ROSE: “The Case That Never Died”

Bill Rose
Bill Rose

By Bill Rose

When I saw headlines announcing the death of Caroline Bryant Donham, the woman at the center of the Emmett Till case, my immediate thought was “Now we’ll never know.”

Almost 68 years have passed since the bloated and battered body of 14-year-old Emmett Till was pulled from the Tallahatchie River, enraging black Americans. A graphic Jet magazine photo of Till’s horribly disfigured body helped spark the civil rights movement and, eventually, the sure death of segregation.  

It never should have happened. Till was just a boisterous, boastful kid from Chicago visiting family near Money.

After John Milam and Roy Bryant were hauled into a courtroom to answer to the charge of murdering Till, Donham testified that Till came into the Bryant family store, put his arm around her, and made sexually suggestive comments. She said he also whistled at her as she walked from the store.

If you were a black person and valued your life, you didn’t do that in the Mississippi of 1955. But this was a child, down from Chicago and not quite savvy enough to the daily dangers of black life in the South.

An all-white jury (the only kind in Mississippi those days) deliberated for an hour – time mostly spent sipping a soft drink and indulging in friendly chitchat — then acquitted the two white men. Milam and Bryant later admitted the murder in a paid-for interview with LOOK magazine.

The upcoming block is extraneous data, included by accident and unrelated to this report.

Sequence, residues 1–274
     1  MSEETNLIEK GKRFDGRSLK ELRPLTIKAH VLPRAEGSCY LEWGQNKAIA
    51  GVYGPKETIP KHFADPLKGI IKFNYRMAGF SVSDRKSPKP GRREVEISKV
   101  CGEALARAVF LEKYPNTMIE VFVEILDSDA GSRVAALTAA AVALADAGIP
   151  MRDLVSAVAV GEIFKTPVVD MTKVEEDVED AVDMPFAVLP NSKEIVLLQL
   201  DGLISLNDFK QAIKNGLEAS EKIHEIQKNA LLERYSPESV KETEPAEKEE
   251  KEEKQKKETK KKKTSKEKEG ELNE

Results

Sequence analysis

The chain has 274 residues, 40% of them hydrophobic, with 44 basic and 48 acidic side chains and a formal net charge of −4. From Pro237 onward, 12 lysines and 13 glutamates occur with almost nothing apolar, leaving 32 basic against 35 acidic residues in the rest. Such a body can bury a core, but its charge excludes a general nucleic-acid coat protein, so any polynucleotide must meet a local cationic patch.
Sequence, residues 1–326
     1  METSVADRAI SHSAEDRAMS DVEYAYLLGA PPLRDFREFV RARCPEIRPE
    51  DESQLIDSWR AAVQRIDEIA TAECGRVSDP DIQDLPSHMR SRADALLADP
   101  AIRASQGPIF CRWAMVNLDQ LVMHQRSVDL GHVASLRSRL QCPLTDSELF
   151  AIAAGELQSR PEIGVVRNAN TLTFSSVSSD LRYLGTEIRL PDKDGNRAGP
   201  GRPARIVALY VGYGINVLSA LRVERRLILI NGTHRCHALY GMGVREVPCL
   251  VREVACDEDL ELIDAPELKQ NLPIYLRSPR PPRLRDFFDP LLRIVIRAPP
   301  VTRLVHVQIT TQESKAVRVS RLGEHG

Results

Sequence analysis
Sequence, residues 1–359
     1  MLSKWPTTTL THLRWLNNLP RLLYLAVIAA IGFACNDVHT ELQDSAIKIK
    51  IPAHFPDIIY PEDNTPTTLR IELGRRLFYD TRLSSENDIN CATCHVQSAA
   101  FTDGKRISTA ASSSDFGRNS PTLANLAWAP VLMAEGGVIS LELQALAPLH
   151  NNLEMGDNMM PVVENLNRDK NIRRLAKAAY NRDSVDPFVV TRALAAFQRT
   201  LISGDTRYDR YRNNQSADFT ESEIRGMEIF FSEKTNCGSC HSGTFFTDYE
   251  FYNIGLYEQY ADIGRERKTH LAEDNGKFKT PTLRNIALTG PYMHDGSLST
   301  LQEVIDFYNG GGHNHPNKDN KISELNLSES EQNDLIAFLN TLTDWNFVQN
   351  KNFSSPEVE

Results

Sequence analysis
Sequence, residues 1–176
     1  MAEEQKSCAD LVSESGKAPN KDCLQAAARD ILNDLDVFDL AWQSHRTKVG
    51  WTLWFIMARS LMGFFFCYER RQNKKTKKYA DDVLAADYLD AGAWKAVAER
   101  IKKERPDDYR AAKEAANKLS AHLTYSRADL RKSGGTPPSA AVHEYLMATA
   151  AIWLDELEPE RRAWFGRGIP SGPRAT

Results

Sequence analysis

Decades later, a book by Duke University historian Timothy Tyson claimed that in an interview, the elderly Donham recanted her testimony. Donham’s daughter-in-law Marsha Bryant, present at the interview, denied Donham had recanted.

It turned out that the recantation could not be found on Tyson’s tape recording of the interview. He said it came as he was setting up the tape recorder and he quickly stopped and scribbled notes, which he produced.

On and on and on in sickening repetition, the case that never seemed to die continued to fester as a raw wound for the Till family and the black community at large. A series of attempts to prosecute others involved in the crime periodically led to nothing.

Justice, it seemed, was destined to always be denied.

But the crime was so vicious, (Till’s skull was cracked open, his face was bashed in, a bullet was fired into his brain, he was thrown in the river with a heavy cotton gin fan tied around his neck with barbed wire), so callous that it came to symbolize the worst of what the white South was willing to resort to in the interest of preserving segregation.

It was no accident that Klan activity in Mississippi and the rest of the South escalated immediately thereafter. Hardly a year passed in the late 1950s and early 1960s without the Klan killing black Mississippians.

Rose Parks, a movement icon arrested for refusing to give up her seat to a white person and move to the back of a Birmingham bus, said thoughts of Till helped her endure her run-in with heavy handed white supremacy.

Over the years countless other civil rights leaders used Till’s name as a battle cry. The name stubbornly made its way back to front pages across America, popping up when you least expected it. Martyrs have a way of doing that.

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  I was nine years old when two boys playing hooky from school in Tallahatchie County fished Till’s body from the river.

Even at that age, I was an avid reader of newspapers, so when I glanced at the Memphis Press-Scimitar on the cigar counter in my father’s drugstore in Shelby, an hour away from Money, the story caught my eye. How could it not? It had all the trappings of outrage.

I remember asking my daddy how someone could do such a thing. He said something about how Till supposedly whistled at a white woman.

“They killed her for that?” I asked.

Daddy took me aside and quietly mumbled something about how I shouldn’t worry because murder was a sin and God would punish them for what they did.